I posted some comments other day about the reaction to Benedict XVI’s remarks regarding the possibility that condom use in Africa might actually be having a negative consequence on the spread of HIV/Aids. Today I read two interesting comments in the continued conversation over the reaction to the Pope’s remarks.
The first of these comments comes from Ross Douthat, currently of <i>The Atlantic</i> and recently announced conservative pundit at the New York Times. Douthat is a conservative Roman Catholic and admits his bias, but makes some interesting observations:
I should note that I don’t pretend to be an expert on this topic, and my own conservative and Catholic biases have no doubt shaped the reading that I’ve done about AIDS-fighting strategies. But it’s my impression – created, in large part, by reading Helen Epstein’s The Invisible Cure (and if there’s a devastating rebuttal to her arguments, please send it my way) – that an awful lot of the money poured into condom-promotion over the years would have much been better spent promoting “partner reduction” in cultures inclined to promiscuity and de facto polygamy instead. This isn’t the same as promoting abstinence exclusively, and indeed, Epstein is witheringly critical of some of the abstinence-only programs that American dollars have funded in the Bush era. But “partner reduction” is a lot more consonant with the Catholic Church’s longstanding position – that it’s better to promote monogamy and fidelity than to take promiscuity as a given and make it as safe as possible – than you’d think from the overheated talk about how the Vatican’s flat-earth position on condoms has cost millions of lives.
What’s more, I have a hard time believing that the public-health and foreign-aid community’s longstanding preference for condom promotion has nothing to do with ideological biases of their own. Yes, the Catholic Church’s conservative position on sexual morality determines which public-health interventions the Vatican willing to support, and limits the willingness of Catholic institutions to simply follow the data wherever it leads. But what’s true of Catholics is true of other groups as well. And when you read Epstein on how slow the AIDS establishment was to acknowledge the importance of partner-reduction – or when you read about Bill Gates getting booed at an international AIDS conference when he mentioned abstinence and fidelity – it’s awfully hard to escape the conclusion that the combination of a liberationist view of sexual ethics and a post-colonial unwillingness to critique existing African patterns of sexual behavior has seriously hampered the international community’s efforts to curb the spread of HIV.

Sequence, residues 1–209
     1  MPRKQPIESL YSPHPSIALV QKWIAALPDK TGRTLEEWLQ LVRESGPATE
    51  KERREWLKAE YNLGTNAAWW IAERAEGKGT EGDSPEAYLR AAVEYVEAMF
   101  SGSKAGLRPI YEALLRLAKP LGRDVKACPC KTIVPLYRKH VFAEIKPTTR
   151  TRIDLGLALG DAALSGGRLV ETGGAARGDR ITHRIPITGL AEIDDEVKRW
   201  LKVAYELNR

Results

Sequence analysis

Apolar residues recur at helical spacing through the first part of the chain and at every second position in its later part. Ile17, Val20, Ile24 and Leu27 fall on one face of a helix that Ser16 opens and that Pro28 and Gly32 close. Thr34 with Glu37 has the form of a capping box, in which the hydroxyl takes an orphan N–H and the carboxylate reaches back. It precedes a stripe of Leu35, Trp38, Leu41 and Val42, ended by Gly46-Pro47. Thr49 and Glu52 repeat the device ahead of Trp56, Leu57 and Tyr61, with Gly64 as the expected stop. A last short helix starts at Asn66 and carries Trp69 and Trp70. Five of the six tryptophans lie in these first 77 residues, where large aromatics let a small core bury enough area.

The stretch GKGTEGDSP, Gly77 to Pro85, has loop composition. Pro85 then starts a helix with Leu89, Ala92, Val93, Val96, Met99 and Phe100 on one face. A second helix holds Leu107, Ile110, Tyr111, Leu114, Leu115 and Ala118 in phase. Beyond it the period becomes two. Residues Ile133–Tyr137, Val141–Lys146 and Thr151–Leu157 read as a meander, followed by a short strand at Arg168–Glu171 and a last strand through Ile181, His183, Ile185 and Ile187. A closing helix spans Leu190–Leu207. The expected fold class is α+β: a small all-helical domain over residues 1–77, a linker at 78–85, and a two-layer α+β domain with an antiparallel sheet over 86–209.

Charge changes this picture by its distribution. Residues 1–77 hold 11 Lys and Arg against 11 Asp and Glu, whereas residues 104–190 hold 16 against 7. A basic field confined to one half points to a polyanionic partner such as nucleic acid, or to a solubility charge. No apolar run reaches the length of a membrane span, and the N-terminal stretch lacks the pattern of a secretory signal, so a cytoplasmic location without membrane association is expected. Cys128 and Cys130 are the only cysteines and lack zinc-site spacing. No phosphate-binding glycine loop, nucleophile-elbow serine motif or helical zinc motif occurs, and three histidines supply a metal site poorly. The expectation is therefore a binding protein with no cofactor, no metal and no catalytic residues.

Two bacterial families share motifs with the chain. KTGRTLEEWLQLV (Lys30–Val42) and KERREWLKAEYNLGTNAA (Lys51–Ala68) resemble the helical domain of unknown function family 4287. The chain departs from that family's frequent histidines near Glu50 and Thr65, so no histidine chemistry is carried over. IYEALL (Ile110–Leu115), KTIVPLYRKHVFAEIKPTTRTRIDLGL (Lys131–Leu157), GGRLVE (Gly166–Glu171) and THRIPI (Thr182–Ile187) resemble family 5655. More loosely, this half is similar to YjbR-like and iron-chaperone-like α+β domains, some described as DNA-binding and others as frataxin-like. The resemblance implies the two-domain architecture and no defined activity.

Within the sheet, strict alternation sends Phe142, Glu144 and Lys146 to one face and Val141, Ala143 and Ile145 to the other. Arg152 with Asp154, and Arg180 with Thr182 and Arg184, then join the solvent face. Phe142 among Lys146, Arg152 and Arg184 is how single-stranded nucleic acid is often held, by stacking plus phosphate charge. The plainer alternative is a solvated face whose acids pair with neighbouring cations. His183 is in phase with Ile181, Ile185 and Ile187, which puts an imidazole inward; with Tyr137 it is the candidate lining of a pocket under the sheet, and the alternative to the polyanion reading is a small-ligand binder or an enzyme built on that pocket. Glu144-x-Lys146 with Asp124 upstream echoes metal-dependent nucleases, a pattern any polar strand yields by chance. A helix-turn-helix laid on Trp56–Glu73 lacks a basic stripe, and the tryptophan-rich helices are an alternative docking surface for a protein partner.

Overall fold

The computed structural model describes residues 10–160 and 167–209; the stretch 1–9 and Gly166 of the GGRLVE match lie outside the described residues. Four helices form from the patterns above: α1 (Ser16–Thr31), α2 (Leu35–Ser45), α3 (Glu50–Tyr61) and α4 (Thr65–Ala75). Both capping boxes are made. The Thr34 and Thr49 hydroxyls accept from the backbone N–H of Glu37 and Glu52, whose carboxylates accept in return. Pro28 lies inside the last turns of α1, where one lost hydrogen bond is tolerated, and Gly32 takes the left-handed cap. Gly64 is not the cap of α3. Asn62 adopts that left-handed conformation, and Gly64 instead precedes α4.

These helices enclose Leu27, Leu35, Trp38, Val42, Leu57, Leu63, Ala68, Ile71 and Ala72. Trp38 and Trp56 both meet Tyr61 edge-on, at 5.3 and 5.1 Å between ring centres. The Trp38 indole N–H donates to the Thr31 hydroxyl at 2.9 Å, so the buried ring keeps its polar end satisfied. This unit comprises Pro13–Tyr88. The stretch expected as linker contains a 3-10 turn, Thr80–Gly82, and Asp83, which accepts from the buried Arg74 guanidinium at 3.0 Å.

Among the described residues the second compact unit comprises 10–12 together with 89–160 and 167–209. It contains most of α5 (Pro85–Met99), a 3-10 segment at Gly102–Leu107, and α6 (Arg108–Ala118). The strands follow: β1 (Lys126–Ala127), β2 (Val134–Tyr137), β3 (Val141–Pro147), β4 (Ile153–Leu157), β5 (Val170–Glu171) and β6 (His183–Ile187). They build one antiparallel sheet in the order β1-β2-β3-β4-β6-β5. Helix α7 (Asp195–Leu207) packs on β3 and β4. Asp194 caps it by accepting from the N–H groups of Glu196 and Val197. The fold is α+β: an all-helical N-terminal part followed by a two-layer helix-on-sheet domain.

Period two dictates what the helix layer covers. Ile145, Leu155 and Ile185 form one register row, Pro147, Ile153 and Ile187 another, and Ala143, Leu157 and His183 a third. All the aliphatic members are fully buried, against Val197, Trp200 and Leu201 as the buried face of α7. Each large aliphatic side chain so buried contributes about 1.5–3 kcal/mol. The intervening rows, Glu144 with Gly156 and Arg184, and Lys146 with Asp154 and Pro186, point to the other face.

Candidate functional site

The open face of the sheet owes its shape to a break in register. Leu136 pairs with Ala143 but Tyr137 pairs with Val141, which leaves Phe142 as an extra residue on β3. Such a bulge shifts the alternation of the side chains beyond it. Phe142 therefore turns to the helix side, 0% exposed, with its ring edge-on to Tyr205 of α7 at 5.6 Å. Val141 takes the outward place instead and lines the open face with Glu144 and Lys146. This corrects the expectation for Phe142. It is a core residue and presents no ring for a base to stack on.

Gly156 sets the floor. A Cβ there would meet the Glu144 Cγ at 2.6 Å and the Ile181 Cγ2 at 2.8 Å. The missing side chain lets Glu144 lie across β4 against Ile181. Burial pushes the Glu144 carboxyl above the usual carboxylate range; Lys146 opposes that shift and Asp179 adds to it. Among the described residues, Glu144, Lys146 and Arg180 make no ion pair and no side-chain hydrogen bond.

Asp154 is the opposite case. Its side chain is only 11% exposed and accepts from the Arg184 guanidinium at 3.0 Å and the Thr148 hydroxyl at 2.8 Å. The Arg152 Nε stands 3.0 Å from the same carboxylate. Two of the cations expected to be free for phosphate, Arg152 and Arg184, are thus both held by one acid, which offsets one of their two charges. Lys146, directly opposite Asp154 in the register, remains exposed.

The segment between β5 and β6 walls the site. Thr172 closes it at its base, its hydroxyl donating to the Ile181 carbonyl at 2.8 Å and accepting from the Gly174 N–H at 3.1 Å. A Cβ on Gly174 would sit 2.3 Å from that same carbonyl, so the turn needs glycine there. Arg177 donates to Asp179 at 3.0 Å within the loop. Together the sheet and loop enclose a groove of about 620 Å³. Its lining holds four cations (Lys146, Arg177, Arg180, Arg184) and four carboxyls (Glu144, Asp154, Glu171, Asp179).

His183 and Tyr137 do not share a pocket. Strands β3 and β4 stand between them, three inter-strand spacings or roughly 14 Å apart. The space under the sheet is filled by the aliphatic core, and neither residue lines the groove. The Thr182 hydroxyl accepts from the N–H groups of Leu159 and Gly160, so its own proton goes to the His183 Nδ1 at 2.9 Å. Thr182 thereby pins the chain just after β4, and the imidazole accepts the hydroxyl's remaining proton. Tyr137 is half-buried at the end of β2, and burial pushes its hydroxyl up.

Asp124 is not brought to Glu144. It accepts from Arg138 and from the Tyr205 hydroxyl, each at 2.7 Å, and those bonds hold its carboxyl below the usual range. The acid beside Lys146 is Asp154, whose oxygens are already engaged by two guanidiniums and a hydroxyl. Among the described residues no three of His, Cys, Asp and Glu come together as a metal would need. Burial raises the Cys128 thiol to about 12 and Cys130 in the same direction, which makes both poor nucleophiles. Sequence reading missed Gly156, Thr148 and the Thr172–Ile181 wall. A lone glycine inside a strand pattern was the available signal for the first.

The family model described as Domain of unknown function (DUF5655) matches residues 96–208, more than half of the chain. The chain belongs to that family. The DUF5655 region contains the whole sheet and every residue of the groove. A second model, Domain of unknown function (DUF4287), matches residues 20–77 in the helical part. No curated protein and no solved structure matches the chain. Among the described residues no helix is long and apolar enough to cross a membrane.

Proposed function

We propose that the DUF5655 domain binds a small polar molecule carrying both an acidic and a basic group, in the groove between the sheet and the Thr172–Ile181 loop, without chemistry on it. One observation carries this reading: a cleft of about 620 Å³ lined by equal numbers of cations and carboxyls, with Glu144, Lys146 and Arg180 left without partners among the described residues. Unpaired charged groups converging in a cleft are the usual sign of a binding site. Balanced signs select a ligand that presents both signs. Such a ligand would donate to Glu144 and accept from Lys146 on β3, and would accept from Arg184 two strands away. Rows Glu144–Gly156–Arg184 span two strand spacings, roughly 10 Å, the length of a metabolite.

Later in the day, someone emailed me this opinion piece from the Washington Post, written by Edward C. Green, research scientist at the Harvard School of public health. Green writes that the Pope was right about his assertion:
When Pope Benedict XVI commented this month that condom distribution isn’t helping, and may be worsening, the spread of HIV/AIDS in Africa, he set off a firestorm of protest. Most non-Catholic commentary has been highly critical of the pope. A cartoon in the Philadelphia Inquirer, reprinted in The Post, showed the pope somewhat ghoulishly praising a throng of sick and dying Africans: “Blessed are the sick, for they have not used condoms.”
Yet, in truth, current empirical evidence supports him.
We liberals who work in the fields of global HIV/AIDS and family planning take terrible professional risks if we side with the pope on a divisive topic such as this. The condom has become a symbol of freedom and — along with contraception — female emancipation, so those who question condom orthodoxy are accused of being against these causes. My comments are only about the question of condoms working to stem the spread of AIDS in Africa’s generalized epidemics — nowhere else.
In 2003, Norman Hearst and Sanny Chen of the University of California conducted a condom effectiveness study for the United Nations’ AIDS program and found no evidence of condoms working as a primary HIV-prevention measure in Africa. UNAIDS quietly disowned the study. (The authors eventually managed to publish their findings in the quarterly Studies in Family Planning.) Since then, major articles in other peer-reviewed journals such as the Lancet, Science and BMJ have confirmed that condoms have not worked as a primary intervention in the population-wide epidemics of Africa.
Let me quickly add that condom promotion has worked in countries such as Thailand and Cambodia, where most HIV is transmitted through commercial sex and where it has been possible to enforce a 100 percent condom use policy in brothels (but not outside of them). In theory, condom promotions ought to work everywhere. And intuitively, some condom use ought to be better than no use. But that’s not what the research in Africa shows.
One reason is “risk compensation.” That is, when people think they’re made safe by using condoms at least some of the time, they actually engage in riskier sex.
The general consensus seems to be that–in the situation of an epidemic–behavioral changes have to reach a certain point, and to have limited infection to a certain degree before condom use has any measurable impact. This indicates that prophylactics without attendant behavioral changes–including a lessening of promiscuity and a trend toward fewer sexual partners–is not enough.
All of this is to say, no one should assume that it is only the religious who hold opinions religiously or by faith. I long ago discovered that for most people (at least most Americans) their political and cultural views, whether liberal or conservative–even if supposedly secular–are ideological and operate on the same level as religious faith, even to the extent of being irrational.